OK. Here’s the scenario: You’re at a party or gathering and brought your expensive DSLR that you are so proud of and are itching to show off by taking some photos at the party. Mostly these are to be the typical snapshots without a whole lot of posing although you are confident that you can compose these shots so that they will look great.
Aperture Priority – letting in the light
You don’t have a speedlight with you and your pop-up flash is way too harsh. It’s not only harsh on everyone’s eyes but on the images as well. It’s also rather distracting to other people in the room. You decide that the right way to go is without flash. You rotate the dial to Aperture Priority and set the aperture to as wide open as it gets – on a kit lens, this is usually at about f3.5 to f4 in order to let in as much light in that the lens will allow.
Hint: You can also step up your exposure compensation (only a little) to see what this does for your indoor pictures.
ISO – managing shutter speed
This still doesn’t bring in enough light to manage decent hand-held shots because you didn’t bring a tripod (did I mention that you are at a party?). You need to get the shutter speed up to at least 1/60th of a second. Faster is better so that we don’t see camera shake and have a sharper image. Note: 1/60th of a second seems to be the acceptable shutter speed for most people. I’m a bit less steady so I go for a bit faster.
This is where ISO settings come in to play. For setting ISO in situations like this, I usually take it one step at a time. Starting at ISO 400 , I take a test shot and then move it to 800 if required. If that isn’t enough I set it higher. Remember, the objective here is to increase the shutter speed while trying to keep your ISO as low as you reasonably can.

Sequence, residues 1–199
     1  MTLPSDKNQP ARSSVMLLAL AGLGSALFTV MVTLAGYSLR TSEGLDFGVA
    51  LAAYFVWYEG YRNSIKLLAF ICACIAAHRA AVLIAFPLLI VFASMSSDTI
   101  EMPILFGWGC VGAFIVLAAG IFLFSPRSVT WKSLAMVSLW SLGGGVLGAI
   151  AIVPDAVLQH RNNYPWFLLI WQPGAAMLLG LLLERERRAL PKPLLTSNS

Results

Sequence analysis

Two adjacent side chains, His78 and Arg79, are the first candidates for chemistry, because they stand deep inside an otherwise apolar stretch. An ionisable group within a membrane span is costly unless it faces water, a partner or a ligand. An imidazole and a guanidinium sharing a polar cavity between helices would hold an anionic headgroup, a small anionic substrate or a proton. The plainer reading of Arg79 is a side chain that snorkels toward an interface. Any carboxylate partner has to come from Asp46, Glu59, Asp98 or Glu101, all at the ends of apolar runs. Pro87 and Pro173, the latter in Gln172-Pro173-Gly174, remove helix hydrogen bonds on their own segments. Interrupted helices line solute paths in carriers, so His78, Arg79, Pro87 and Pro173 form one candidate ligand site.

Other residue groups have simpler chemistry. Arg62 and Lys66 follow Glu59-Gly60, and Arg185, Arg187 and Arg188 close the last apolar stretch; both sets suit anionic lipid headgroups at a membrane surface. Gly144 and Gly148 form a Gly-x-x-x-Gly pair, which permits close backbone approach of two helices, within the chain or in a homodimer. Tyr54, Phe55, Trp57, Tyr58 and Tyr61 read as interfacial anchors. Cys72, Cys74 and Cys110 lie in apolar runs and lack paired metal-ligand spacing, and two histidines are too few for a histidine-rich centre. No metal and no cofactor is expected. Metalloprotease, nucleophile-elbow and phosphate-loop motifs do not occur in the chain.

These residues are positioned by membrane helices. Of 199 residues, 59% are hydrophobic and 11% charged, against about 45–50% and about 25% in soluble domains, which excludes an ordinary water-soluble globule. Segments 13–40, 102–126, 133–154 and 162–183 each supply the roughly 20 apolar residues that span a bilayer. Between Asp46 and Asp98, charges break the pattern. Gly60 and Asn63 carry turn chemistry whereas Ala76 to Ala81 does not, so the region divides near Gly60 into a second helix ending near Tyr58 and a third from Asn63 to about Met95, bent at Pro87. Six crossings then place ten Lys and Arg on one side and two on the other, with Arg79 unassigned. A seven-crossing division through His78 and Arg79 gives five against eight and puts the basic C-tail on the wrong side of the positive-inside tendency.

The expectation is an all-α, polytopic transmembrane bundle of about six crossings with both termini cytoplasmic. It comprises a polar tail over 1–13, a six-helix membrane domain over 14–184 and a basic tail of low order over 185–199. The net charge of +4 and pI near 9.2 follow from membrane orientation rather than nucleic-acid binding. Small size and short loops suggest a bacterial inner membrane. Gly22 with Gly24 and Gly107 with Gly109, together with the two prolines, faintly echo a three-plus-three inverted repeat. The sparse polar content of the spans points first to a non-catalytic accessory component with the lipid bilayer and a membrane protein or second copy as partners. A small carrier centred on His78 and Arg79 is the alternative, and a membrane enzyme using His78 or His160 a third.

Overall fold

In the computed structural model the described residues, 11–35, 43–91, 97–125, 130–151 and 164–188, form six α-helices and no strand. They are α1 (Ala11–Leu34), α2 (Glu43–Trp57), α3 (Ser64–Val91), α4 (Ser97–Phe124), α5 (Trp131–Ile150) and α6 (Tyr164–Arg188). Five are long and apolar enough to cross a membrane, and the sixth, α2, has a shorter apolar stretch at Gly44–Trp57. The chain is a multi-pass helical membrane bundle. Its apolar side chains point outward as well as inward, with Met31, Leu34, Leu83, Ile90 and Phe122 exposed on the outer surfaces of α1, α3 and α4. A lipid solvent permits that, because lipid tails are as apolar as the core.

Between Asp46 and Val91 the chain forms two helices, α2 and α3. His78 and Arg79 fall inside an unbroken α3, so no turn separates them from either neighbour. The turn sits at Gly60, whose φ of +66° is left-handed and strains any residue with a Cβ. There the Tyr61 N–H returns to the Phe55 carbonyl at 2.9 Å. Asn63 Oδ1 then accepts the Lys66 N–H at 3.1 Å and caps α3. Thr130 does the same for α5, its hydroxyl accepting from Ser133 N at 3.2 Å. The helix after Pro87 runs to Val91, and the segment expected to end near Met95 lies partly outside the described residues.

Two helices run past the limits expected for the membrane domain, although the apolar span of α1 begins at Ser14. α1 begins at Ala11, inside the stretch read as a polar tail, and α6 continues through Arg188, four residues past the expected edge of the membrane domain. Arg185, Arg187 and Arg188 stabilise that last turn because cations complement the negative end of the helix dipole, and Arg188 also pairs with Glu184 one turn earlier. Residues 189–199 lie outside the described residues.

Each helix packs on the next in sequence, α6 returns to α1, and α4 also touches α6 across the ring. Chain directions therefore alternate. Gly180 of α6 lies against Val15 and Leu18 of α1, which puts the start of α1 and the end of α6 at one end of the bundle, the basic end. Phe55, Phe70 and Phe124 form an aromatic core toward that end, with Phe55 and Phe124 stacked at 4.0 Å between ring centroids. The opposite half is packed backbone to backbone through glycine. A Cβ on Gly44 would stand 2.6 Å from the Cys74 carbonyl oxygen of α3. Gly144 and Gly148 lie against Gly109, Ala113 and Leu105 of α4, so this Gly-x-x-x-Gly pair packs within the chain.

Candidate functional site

The great thing about today’s cameras is that they handle high ISOs better and better with each new model that comes out.
- High ISO Trick for better Images
There is also a feature on many cameras where you can turn on High ISO Noise Reduction. If you have this feature – USE IT. It makes a big difference in reducing the grainy appearance of images.
White Balance – Get the Colours Right
Great! We can now get a hand-held shot that is clear and without blur. One problem though: why is everything yellowish – orange?
While the camera’s Auto White Balance setting does a very good job in many situations, this is something that we all need to deal with when taking pictures indoors – especially without a flash. This is largely due to the lighting indoors. The reason is that the lights inside your home and often many venues are yellow. We won’t get into any technical information on this, nor am I qualified to present any kind of physics lesson. Just take my word for it.
If your pictures have an overall yellow or orange tinge to them, there’s a simple solution that works almost every time – change the white balance to ‘Incandescent’.
All Set to Go
Now that we have opened up our aperture to let more light in, raised our ISO to increase the shutter speed and changed our white balance to get rid of those annoying yellow-orange pictures, we can go ahead and take pictures without a whole lot of worry. Keep tweaking and playing around with the settings to find your ideal combination.